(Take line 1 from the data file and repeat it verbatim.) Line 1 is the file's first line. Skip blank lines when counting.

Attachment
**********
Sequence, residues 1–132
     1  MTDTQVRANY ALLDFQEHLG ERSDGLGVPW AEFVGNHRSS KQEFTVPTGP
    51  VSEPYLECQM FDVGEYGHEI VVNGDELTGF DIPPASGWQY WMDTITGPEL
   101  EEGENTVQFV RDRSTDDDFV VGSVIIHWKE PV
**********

Sequence, residues 1–132